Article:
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Double trouble

Double trouble

Double trouble


From pv magazine print edition 5/24

On January 31, 2024, researchers from the Fraunhofer Institute for Solar Energy Systems (Fraunhofer ISE) announced that, alongside perovskite developer Oxford PV, they had produced a full-sized perovskite tandem module with a conversion efficiency of 25%. At 421 W, the dual-glass module’s power output is far from that achieved by the large-format modules manufactured by solar industry giants. Nonetheless, the result was a powerful demonstration of the steps being made toward commercialising what is widely considered the next generation of solar cell technology.

When announcing the result, the Fraunhofer ISE team noted that scientists from its CalLab PV Modules’ calibration laboratory used a “multispectral solar simulator” to measure both the crystalline silicon solar cell and perovskite cells. It allowed for different light spectra to be applied to the cell while under continuous illumination. This required specialised measurement equipment based on LED light sources that were able to provide illumination evenly across the module’s 1.68 m2 surface.

“The continuous intensity and spectral stability of the light source is of particular importance especially for tandem devices,” said Johnson Wong, general manager for the Americas at equipment provider Wavelabs. The researchers from Fraunhofer ISE used Wavelabs’ Sinus-3000 Advanced LED module I-V tester for the Oxford PV module.

“Thanks to its optimised light distribution over a long working distance, the tester light source is designed to cast a light field that very closely mimics the sun at every point over the large module area,” Wong added. He said the Sinus-3000 LED tester exceeds A+ class in terms of “spectrum, light uniformity, and stability over time, which play a critical role in the measurement accuracy.”

Accurate characterisation

The accurate characterisation of perovskite solar devices requires not only new equipment but also novel processes. Longer illumination times are needed; the temperature impact of the light source must be controlled or corrected for; I-V sweeps should be significantly slower than in crystalline silicon cells; and, in tandem cells, their current must be aligned so that the combined power output is not limited.

The PV research community, prospective manufacturers, and equipment suppliers are making strides in overcoming the formidable challenges posed by perovskite solar devices. New, collaborative research projects are being launched and measurement routines are becoming more sophisticated. As a result, confidence is growing that as the prospective PV perovskite manufacturers develop their devices toward maturity, the equipment and processes will be ready.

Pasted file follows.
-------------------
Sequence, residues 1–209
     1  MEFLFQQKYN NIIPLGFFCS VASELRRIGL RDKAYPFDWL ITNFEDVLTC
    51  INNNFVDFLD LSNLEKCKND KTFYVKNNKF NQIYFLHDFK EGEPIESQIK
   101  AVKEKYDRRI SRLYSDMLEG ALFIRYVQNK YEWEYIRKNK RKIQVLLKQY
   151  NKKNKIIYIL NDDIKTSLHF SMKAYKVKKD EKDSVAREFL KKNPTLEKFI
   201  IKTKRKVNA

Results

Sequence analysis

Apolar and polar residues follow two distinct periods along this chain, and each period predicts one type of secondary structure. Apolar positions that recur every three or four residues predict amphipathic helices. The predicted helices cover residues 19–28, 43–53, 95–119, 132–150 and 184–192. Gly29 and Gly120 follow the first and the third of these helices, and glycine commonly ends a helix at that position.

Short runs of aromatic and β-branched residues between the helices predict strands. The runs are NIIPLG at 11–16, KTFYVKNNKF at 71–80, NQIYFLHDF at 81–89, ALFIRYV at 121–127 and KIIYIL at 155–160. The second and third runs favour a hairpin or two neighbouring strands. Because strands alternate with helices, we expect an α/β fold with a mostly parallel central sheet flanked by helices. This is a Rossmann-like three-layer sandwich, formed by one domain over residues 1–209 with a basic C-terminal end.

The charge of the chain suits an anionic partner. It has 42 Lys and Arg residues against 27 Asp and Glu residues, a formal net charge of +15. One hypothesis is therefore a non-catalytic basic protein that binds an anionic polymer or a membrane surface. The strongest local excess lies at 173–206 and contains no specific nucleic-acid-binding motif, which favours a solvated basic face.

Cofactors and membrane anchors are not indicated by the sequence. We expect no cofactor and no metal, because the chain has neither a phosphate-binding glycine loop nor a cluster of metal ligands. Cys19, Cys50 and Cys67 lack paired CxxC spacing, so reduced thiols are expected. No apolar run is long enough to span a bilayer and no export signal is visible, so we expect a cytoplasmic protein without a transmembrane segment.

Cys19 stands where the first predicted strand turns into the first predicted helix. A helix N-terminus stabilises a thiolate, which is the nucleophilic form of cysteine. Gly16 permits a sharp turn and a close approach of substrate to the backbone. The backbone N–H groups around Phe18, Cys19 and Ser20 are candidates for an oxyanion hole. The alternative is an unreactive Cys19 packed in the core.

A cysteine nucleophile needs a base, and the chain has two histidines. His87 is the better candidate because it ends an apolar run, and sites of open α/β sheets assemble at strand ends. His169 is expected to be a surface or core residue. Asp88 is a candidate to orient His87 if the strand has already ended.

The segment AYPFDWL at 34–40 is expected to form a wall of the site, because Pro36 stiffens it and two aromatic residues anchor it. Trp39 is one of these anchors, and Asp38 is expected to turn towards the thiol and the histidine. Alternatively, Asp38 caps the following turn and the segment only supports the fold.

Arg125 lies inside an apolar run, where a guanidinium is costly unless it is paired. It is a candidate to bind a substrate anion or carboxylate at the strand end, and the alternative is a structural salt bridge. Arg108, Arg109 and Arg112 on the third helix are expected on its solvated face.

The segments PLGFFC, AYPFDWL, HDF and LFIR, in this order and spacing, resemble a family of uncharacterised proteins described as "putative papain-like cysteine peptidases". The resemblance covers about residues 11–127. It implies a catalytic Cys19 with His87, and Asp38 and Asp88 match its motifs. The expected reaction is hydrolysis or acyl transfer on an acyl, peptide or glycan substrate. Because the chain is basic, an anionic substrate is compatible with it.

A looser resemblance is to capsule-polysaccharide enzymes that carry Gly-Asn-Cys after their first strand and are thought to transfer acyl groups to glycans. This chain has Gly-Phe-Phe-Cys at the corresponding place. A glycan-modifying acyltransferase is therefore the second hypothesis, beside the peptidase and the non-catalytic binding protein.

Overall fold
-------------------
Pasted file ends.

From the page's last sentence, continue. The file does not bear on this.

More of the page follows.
Sunny prospects

Karl Melkonyan, PV technology analyst with S&P Global Commodity Insights, said that perovskite tandems have “the best chances for commercialization” among next-generation solar cell technologies. Perovskite PV cells can be coupled with either crystalline silicon (c-Si) or thin-film solar cells.

Early perovskite PV devices achieved conversion efficiencies in the low single digits – 3.8% was recorded in 2008. Record efficiencies are now set at regular intervals and are well beyond 25%.

Perovskite tandem devices are extremely promising, primarily because the thin-film perovskite cell plus the “base” c-Si, cadmium telluride, or copper indium gallium selenide layer can capture different light wavelengths, resulting in small-scale research cells with efficiencies beyond 30%.

Translating lab efficiency to larger cells and modules is difficult, however. “While there are many record efficiency achievements of perovskite solar cells reaching 20% and above, the total efficiency of a tandem structure can be much lower than the sum of those individual efficiencies,” said Melkonyan. He noted that the reason for this is often a current mismatch between bottom and top cells.

Measurement challenges

For a PV device to prove its worth, its power output must be able to be measured in a highly accurate, replicable, and standardized fashion. At the end of the day, if a PV module is to be purchased and installed, it is vital that its nameplate power output can be trusted.